The Department of Social Development (DSD), with the Minister present for part of the time, took the Committee through the proposed amendments that had been suggested by the Committee, following the public hearings, for the Children's Amendment Bill B13-2015 and the Children's Second Amendment Bill B14-2015. The Department explained the reasons behind some of the proposals that it had made, and read out the wording including the proposals, for approval by Members. A formal A-list and B-version of the Bill would be prepared for the following meeting.
In relation to the B13-2015 Bill, the DSD outlined the definition of “sexual offences” which would include offences under the previous legislation prior to 2007. Although the Committee had suggested incorporating a reference to specific other pieces of legislation, the Department cautioned that this could lead to problems and a general reference to “other legislation” would be a safer option. In line with the Constitutional Court judgments in relation to the register of offenders under the Sexual Offences Act (which was similar to the register under the Children's Act), the Committee had agreed that reference be made to certain sections not applicable to those who had been children at the time of the commission of the offences, and that people should not be automatically placed on the register but should be permitted to make representations to the court. An additional paragraph was proposed as a new (4A). Wording was explained in full in relation to clauses 4 and 5. In relation to adoption, Members were concerned whether the proposals would exclude adoption officers from NGOs and private services but were assured that it would not; the amendments would not affect their position as they were already included but would extend the Act to make reference to officials dealing with adoption in national and provincial departments. It was noted that foster care and adoptions would be further considered with a Third Amendment Bill in the pipeline. Some of the definitions were intended to make the sections clearer for interpretation by the courts.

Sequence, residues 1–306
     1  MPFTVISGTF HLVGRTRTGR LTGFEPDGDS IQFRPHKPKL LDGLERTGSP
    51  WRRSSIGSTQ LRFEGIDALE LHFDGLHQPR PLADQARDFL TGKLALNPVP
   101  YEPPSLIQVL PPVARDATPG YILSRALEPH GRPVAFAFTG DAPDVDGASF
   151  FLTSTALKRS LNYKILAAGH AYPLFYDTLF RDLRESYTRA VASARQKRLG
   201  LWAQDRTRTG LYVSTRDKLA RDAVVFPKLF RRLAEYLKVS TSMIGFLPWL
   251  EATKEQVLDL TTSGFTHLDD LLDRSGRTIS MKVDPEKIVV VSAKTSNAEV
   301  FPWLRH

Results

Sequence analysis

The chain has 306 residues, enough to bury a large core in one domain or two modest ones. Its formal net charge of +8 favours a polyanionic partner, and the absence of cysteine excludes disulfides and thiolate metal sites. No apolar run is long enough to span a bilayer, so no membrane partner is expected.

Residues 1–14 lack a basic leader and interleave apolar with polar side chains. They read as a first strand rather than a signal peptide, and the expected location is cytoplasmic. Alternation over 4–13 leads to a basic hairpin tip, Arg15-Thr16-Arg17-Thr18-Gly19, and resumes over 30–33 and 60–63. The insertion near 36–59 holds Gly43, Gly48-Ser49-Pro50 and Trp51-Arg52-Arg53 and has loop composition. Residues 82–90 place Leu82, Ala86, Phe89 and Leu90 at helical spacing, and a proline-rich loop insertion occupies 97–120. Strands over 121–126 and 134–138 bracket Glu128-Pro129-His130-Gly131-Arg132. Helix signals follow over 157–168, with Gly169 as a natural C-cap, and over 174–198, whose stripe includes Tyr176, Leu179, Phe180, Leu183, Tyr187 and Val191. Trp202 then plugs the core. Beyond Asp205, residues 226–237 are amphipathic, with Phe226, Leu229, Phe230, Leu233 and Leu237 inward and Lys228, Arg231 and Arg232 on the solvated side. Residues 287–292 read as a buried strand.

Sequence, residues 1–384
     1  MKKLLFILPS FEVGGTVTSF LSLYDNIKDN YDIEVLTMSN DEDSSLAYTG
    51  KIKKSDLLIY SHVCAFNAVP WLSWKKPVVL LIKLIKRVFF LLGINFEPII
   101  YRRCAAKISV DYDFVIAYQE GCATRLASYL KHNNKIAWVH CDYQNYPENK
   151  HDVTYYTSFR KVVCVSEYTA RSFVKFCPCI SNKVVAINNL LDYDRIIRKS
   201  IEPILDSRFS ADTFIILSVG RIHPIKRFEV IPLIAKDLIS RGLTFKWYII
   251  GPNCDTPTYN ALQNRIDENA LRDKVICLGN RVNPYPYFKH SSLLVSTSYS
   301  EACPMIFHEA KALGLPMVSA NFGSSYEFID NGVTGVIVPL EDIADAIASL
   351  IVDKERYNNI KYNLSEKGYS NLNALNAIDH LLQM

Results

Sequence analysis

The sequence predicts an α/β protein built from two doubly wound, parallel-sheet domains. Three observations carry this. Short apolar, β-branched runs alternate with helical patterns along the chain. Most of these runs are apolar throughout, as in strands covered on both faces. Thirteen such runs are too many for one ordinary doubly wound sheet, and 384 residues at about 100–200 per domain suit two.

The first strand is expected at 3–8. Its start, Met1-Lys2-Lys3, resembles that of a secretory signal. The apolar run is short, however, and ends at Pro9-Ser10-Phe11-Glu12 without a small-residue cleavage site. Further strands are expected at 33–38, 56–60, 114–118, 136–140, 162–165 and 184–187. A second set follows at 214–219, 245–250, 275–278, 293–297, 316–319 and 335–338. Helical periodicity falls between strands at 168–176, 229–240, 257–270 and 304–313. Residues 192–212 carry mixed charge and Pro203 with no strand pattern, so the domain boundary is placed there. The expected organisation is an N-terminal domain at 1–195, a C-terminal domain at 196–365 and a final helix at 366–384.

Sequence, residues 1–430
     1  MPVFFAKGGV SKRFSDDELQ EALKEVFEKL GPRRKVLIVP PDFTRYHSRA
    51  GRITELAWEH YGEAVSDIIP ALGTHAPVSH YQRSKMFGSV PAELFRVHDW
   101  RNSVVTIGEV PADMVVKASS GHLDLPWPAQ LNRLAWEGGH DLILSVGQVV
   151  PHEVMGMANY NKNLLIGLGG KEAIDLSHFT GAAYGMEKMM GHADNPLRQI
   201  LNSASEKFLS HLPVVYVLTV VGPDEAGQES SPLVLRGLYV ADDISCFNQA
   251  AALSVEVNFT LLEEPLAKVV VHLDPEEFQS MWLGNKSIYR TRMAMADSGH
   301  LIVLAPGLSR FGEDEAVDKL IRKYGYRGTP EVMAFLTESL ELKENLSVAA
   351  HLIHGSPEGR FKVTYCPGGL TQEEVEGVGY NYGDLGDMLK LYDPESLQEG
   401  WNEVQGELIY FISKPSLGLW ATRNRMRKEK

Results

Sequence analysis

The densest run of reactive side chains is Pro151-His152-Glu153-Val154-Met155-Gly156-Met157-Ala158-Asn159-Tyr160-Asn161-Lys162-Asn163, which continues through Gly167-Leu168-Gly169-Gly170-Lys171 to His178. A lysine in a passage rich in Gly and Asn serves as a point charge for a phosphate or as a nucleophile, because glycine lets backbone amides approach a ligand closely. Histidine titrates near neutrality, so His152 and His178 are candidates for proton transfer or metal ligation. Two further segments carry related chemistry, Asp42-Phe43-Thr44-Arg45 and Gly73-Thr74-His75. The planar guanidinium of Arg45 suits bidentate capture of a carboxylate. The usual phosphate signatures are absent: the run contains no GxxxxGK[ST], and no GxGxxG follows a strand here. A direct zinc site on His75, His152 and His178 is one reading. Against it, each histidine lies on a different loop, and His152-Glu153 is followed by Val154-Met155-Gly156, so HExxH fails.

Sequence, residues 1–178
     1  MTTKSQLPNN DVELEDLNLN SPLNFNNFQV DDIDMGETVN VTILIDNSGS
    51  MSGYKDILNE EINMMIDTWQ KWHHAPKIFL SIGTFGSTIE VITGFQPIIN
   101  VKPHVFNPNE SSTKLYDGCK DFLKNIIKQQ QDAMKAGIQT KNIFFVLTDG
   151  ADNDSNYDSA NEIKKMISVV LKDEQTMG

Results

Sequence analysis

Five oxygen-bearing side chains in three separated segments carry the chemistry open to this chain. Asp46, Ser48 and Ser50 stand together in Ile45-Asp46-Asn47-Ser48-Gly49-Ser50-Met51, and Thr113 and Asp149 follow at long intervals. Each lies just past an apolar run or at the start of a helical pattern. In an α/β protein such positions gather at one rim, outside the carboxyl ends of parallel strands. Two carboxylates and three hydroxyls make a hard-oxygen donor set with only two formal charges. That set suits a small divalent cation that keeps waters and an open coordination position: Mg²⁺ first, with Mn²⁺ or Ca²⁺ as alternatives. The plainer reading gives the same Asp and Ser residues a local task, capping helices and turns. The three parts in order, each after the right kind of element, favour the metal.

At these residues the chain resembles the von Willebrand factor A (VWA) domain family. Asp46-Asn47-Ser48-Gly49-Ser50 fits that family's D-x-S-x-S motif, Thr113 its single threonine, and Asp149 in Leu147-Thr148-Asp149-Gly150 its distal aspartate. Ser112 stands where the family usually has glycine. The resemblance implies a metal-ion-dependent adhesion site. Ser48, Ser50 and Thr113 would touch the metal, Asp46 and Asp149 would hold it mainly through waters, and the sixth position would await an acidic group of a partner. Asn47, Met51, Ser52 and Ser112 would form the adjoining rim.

In relation to the Second Amendment Bill, some Members of the Committee disagreed with the Department's proposals to word the section allowing for children remaining in care in order to complete their studies. The Department's version referred to technical and vocational education and training and further education and training. Some Members were adamant that since the concept of a Further Education and Training College was to be replaced by a Technical and Vocational Education and Training College, the inclusion of both concepts was tautologous. The Department, Minister and other Members pointed out that it was a general concept, rather than reference to a specific sector or class of colleges that was intended, and that it would include private training institutions. Given that Members could not reach agreement on this issue, the Chairperson asked the legal advisers to prepare an opinion to be presented to the next meeting.
Children's Amendment Bills: Deliberations on B13-2015 and Second Amendment Bill B14-2015 (originally submitted in draft in 2013)
The Chairperson gave a brief introduction, noting that the Parliamentary Legal Advisers would be asked to take Members through the Children's Amendment Bill B13-2015 (the Bill) and the Second Amendment Bill B14-2015 (Second Bill). She noted that the Department of Social Development (DSD or the Department) was present and asked that any members of the delegation speaking should be introduced; she particularly wanted to know who was commenting on the legal issues. She highlighted that the Committee would now be considering the executive bills.
Mr Thokozani Magwaza, Acting Director General, Department of Social Development, introduced Deputy Director General: Welfare and Children's Services, Ms Conny Nxumalo and representatives from Legal Services.
Children's Amendment Bill B13- 2015: Department of Social Development presentation.